LuPone Goes Back to Community Theater in "Shows for Days" | NBC New York

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LuPone Goes Back to Community Theater in "Shows for Days"

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    Joan Marcus
    Jordan Dean and Michael Urie in a scene from Lincoln Center Theater's "Shows for Days," by Douglas Carter Beane.

    Michael Urie’s TV and stage bosses have been a histrionic bunch -- most recently, he toiled for an unseen Barbra Streisand in the hit off-Broadway comedy “Buyer & Cellar.” Who could the spirited actor possibly punch a timecard for as an encore?

    How does Patti LuPone sound?

    In “Shows for Days,” a disorderly dark comedy by Douglas Carter Beane (“The Nance”), Urie stars as a young member of a community theater troupe run by director, fund-raiser and star Irene (LuPone, as a Jewish version of Patti LuPone -- her speech is sprinkled with Yiddishisms).

    Beane based his new play, now at Lincoln Center’s Mitzi E. Newhouse Theater, on his own first exposure to theater with a band of amateurs in Reading, Pennsylvania. The Genesius Theater of the playwright’s youth is here rechristened The Prometheus, and various characters are composite sketches of people the author knew in the 1970s.

    Urie, as Cal, is Beane’s alter-ego, a wide-eyed gay kid from the rich side of the tracks who gets swept up with the loopy personalities in theater-land. We meet Cal first as a successful writer, then via flashback as a gawky suburban 14-year-old inconceivably charged with writing the Prometheus performers a new play.

    Director Jerry Zaks (his recent works include Beane’s “Sister Act”) has “adult Cal” set each scene, explaining the taped blocking marks on the floor and so on. It’s surprisingly easy to buy Urie as a teenager, and a treat to see him reunited with LuPone, who appeared as his mother on “Ugly Betty.”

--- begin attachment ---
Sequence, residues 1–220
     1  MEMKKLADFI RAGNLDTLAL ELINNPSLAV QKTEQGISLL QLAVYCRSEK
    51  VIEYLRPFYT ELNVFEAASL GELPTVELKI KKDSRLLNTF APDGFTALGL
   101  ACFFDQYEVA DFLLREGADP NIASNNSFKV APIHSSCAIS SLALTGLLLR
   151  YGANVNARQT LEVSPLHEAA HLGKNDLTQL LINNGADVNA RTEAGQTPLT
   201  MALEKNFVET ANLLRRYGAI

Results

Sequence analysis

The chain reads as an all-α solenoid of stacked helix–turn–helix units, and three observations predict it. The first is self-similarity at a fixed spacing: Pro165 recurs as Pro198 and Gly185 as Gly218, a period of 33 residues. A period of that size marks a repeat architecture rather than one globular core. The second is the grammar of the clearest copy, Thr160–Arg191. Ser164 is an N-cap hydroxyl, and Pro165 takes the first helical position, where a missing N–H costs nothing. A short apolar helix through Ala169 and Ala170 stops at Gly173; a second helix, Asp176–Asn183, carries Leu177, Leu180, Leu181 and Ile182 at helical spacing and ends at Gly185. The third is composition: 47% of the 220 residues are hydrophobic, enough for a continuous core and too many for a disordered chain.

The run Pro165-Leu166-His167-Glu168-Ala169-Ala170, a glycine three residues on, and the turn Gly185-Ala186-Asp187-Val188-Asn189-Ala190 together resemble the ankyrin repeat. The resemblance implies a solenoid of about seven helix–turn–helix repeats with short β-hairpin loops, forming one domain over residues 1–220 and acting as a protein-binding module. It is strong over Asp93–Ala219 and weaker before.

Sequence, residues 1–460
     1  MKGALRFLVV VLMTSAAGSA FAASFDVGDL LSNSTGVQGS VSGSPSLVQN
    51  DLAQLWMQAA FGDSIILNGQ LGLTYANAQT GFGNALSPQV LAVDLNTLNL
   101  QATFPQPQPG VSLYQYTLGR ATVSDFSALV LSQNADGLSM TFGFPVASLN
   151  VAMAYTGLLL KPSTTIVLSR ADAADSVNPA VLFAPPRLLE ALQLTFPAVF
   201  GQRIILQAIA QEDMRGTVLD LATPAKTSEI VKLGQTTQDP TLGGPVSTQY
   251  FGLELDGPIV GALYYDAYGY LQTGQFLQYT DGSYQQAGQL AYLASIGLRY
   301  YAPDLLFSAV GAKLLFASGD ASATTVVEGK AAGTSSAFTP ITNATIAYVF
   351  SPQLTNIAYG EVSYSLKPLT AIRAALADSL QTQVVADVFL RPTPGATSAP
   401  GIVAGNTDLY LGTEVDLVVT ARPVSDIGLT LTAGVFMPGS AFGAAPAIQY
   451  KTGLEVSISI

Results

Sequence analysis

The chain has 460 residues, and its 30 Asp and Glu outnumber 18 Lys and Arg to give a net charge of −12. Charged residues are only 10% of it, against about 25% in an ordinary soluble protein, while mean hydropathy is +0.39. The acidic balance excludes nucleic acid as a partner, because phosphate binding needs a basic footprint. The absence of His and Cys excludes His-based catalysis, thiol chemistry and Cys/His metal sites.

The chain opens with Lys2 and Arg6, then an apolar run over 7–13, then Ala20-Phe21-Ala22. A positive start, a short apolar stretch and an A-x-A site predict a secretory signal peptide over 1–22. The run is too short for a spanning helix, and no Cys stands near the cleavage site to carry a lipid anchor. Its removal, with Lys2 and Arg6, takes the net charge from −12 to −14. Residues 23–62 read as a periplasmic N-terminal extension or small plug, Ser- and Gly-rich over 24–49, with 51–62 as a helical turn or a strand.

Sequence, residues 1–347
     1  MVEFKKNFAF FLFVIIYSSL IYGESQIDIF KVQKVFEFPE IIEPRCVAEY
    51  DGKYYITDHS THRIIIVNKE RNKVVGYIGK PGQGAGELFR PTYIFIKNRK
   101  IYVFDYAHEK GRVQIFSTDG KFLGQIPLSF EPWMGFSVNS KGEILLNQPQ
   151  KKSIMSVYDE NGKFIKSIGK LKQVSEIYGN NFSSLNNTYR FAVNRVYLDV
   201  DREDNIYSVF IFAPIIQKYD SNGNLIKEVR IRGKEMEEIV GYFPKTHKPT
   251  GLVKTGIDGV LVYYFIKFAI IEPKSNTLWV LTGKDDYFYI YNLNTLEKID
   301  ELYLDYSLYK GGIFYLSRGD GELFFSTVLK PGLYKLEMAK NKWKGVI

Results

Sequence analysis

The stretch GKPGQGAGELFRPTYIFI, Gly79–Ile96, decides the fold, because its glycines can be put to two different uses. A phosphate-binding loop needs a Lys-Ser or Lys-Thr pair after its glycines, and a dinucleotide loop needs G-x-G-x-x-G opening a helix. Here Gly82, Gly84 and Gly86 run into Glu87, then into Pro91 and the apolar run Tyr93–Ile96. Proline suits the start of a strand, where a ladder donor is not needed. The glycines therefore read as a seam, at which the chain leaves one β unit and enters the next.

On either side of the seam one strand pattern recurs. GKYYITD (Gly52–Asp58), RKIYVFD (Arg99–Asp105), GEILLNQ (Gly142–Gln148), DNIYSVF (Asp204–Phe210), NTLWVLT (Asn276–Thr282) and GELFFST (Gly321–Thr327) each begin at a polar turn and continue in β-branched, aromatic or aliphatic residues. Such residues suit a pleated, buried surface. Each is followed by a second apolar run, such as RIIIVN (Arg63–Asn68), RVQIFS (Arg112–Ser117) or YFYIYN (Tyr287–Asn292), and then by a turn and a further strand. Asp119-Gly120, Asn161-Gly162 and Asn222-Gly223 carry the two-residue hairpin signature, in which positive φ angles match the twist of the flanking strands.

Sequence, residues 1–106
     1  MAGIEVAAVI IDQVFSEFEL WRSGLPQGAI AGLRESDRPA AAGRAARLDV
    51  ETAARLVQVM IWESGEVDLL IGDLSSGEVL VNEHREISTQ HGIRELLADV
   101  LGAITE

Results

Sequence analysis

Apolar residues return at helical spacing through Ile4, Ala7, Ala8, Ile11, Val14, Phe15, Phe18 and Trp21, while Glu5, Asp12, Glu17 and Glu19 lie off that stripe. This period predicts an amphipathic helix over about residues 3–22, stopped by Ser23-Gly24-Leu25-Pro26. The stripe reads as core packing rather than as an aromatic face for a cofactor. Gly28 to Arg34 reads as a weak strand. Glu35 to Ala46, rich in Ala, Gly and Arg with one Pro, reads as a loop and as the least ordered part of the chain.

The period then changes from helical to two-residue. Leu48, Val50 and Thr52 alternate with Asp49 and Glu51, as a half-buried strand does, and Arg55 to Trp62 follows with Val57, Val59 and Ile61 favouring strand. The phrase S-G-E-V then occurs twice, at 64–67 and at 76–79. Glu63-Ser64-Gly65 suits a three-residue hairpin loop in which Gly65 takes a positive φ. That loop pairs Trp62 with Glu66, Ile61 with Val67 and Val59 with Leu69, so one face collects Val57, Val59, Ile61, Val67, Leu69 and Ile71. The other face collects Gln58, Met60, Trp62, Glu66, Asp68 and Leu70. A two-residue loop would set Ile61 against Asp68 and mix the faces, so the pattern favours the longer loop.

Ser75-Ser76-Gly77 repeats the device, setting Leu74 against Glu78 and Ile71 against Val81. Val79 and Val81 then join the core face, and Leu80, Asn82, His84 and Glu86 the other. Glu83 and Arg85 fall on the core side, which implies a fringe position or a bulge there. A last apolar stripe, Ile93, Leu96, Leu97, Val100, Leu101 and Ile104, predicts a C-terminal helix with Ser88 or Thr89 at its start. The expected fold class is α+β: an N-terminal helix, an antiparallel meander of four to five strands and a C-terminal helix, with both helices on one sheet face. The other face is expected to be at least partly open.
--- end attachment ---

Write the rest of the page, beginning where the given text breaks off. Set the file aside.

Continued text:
Magnetic as always, LuPone has the hardest job here, as the soul of the company, a group of also-rans in an also-ran city. Her performance is nifty, but Beane’s script finally betrays her.

    First, Irene is a seductress, enjoying the disreputable side of being a showgirl; then, she’s a marketing maven, cynically courting a mass audience. Later, she’s an implausibly righteous guardian of “pure” theater, whose righteousness manifests itself in an act so cynical that it doesn’t fit the character as we’ve come to know her. Irene just isn't a coherent creation.

    The supporting characters in Cal’s orbit, stereotypes all, include a gravelly voiced lesbian stage manager (Dale Soules, of “Hands on a Hard Body”); a brash, gay African-American actor who is carrying on with a member of local government (Lance Coadie Williams, “BootyCandy”); and a ditzy starlet who blurts out the truth at inopportune moments (Zoe Winters).

    There’s a nice turn from Jordan Dean (LCT’s “The New Century”) as a bisexual waiter who inevitably draws Cal’s attention. (LuPone and Williams are pictured, below.)

    I went in expecting a comedy, but by the second act the story swerves into dark drama more on a par with “The Nance.” Beane’s plot is missing a necessary coherence, though there are some funny jokes and monologues that certainly make “Shows for Days” a worthwhile undertaking.

    “Shows for Days” introduces itself by showing how Car met a passel of theater eccentrics and ends with his adult self rhapsodizing nostalgically over their real-life counterparts' role in making him the pro he is today. Ultimately, it doesn't do enough in between to help us understand how he got from there to here.

    “Shows for Days,” through Aug. 23 at the Mitzi E. Newhouse Theater, 150 W. 65th St. Tickets: $77-$87. Call 212-239-6200.

    Follow Robert Kahn on Twitter@RobertKahn

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